Both of these worked enormously to Chicago’s benefit. Chicago had always been the dominant location in the interior for professional services, with core sub-industries including: management consulting (e.g., McKinsey), technology consulting (e.g., Accenture), IT/business process outsourcing (e.g., TCS), accounting (e.g., KPMG), and law (e.g., Mayer Brown).
Both the technology and nationalization trends generated huge amounts of demand for new people to manage them, which drove a huge increased demand generally for consultants and other service providers. What’s more, unlike the old back office “data processing” mainframes, the new technology was directly embedded into the fabric of the business. This meant that people working with it needed industry knowledge like never before. Clearly, to help executives merge and manage large national firms, consultants and such needed a lot of industry expertise as well, and needed to be able to serve their clients on a national, not just local basis.
This led to a sea change in the organization of professional services firms. Historically they had been organized by local office practice. But in the 1990s they reorganized along industry lines, with national practices. Instead of a Chicago consultant serving Chicago clients primarily, you’d have, for example, a retail consultant serving retailers where ever they might be nationally.
If you need to fly consultants all over the country to work with clients, where do you want to do it from? The two best options are Chicago and Dallas. So Chicago, with its huge labor market, its urban environment hitting at the emerging youth trend, its status as a major air hub, its central location, and its head start through its already robust professional services sector, became the best location in America for professional services overstaffing. That is, hiring people into a city with the idea that they’ll fly around the country servicing clients coast to coast. I believe this explains why Chicago boomed like nobody’s business during the 1990s. I suspect most major professional services companies doubled or tripled employment in Chicago in this period.
The 2000s were very different. First, the dotcom bust deflated demand for tech generally and Chicago as a hub got blasted. Second, the 2000s really didn’t see the same sorts of technology revolutions that we saw in the 1990s. I believe that things like Web 2.0 were mostly evolutionary. (Smart devices and such may be leading us through another fundamental revolution, but that wasn’t mostly a 2000s phenomenon). Third, the rise of the global age led to the emergence of offshore software development and business process delivery. Thus, much of the new demand, and existing demand, could be satisfied offshore, and didn’t require an army of expensive onshore consultants anymore. This new competition caused traditional firms to have to revamp themselves to become much more efficient internal business operators. (Law seems to be the last holdout, and is in the early stages today of a major shakeup in how legal business gets done).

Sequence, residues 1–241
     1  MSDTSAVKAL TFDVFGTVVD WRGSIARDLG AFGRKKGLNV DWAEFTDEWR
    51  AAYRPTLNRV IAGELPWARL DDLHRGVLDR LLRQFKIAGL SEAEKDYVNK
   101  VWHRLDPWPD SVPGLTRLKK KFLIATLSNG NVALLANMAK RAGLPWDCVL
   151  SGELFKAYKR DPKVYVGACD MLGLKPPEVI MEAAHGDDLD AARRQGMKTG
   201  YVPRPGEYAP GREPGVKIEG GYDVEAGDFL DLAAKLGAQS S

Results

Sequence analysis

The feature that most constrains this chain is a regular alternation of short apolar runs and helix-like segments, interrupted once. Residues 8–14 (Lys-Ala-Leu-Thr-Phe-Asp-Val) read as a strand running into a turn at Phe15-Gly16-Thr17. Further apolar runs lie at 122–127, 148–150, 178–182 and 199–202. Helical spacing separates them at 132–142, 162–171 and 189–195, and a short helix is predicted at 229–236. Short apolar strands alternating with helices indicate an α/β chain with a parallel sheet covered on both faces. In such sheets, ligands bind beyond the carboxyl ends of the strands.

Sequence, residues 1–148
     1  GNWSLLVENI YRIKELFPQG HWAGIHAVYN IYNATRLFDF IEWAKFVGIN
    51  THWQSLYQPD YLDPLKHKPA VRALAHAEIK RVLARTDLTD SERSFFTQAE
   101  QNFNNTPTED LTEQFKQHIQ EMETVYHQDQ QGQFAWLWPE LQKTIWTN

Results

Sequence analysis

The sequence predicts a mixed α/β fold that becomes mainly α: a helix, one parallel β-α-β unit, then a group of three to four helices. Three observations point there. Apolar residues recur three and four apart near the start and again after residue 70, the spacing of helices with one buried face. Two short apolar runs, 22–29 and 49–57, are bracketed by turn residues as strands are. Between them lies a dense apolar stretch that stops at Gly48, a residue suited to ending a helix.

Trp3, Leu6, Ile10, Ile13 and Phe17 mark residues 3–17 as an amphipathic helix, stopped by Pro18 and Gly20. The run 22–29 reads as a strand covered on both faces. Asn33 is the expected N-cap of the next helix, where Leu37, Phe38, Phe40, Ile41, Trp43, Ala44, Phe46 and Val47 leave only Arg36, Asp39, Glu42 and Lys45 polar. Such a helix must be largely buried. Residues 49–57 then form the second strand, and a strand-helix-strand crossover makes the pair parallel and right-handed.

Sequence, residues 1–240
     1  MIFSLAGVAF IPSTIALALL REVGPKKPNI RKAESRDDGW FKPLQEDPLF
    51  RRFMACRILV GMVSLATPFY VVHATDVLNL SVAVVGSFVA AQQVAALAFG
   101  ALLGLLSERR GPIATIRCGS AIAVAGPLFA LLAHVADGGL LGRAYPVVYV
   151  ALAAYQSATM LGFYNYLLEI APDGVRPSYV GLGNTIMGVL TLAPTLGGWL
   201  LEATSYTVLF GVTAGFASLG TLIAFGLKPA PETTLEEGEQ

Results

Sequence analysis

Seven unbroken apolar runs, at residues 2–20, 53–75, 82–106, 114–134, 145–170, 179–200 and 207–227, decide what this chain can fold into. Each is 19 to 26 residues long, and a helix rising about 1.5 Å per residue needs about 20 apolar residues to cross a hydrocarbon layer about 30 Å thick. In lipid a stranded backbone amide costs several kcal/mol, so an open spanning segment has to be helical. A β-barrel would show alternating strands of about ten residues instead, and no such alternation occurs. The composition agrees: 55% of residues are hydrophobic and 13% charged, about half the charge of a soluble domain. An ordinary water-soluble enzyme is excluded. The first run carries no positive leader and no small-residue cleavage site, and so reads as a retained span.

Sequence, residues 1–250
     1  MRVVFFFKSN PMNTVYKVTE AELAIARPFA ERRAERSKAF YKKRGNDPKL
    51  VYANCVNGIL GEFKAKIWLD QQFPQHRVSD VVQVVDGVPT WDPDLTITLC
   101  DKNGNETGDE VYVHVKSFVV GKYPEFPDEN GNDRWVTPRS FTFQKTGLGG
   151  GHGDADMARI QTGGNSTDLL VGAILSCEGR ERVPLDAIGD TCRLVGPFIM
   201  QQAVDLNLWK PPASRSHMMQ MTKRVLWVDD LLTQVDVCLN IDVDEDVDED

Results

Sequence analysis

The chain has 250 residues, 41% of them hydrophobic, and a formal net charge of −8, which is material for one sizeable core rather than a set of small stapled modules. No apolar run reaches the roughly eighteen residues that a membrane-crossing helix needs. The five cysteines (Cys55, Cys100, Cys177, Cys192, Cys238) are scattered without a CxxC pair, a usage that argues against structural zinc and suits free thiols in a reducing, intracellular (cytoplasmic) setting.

This hurt Chicago badly. You didn’t need to overstaff in Chicago because you could do it in India. When there was recovery from the dotcom bust, much of it was offshore. I suspect that even 12 years later, there isn’t a single technology consultancy that employs as many people in Chicago as it did in 2000, new companies excepted. Consider that major firms like Arthur Andersen and Whitman-Hart don’t even exist anymore. Many smaller sized internet era firms also experienced the same fate, and Chicago’s “Silicon Prairie” ambitions more or less got wiped out, which cost a huge number of telecom jobs. Also, industries like finance have been subject to increasing centralization in global hubs. Chicago went from being #2 nationally as a financial hub to something further down the chart in a global hierarchy. Chicago retains great strengths in derivatives and risk management generally, but second tier financial hubs like Chicago and Boston have been feeling the pinch.
This, in a nutshell, is what I think explains the difference in performance. The general “wind at the back” of Chicago and big cities in a boomtime economy papered over a multitude of civic sins in the 1990s that the lean years of the 2000 exposed. And the tech/nationalization era of the 1990s particularly benefited Chicago, helping to explain why it rated so highly in that decade.
I’ve got one more piece in my “current conditions” segment of State of Chicago. Then I’ll turn to articulating my rationale for some of the structural weakness factors I outline in the article, then move on to a series of proposed fix-its.
This article is part of the “The State of Chicago.”
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Aaron M. Renn is an opinion-leading urban analyst, consultant, speaker, and writer on a mission to help America’s cities thrive and find sustainable success in the 21st century.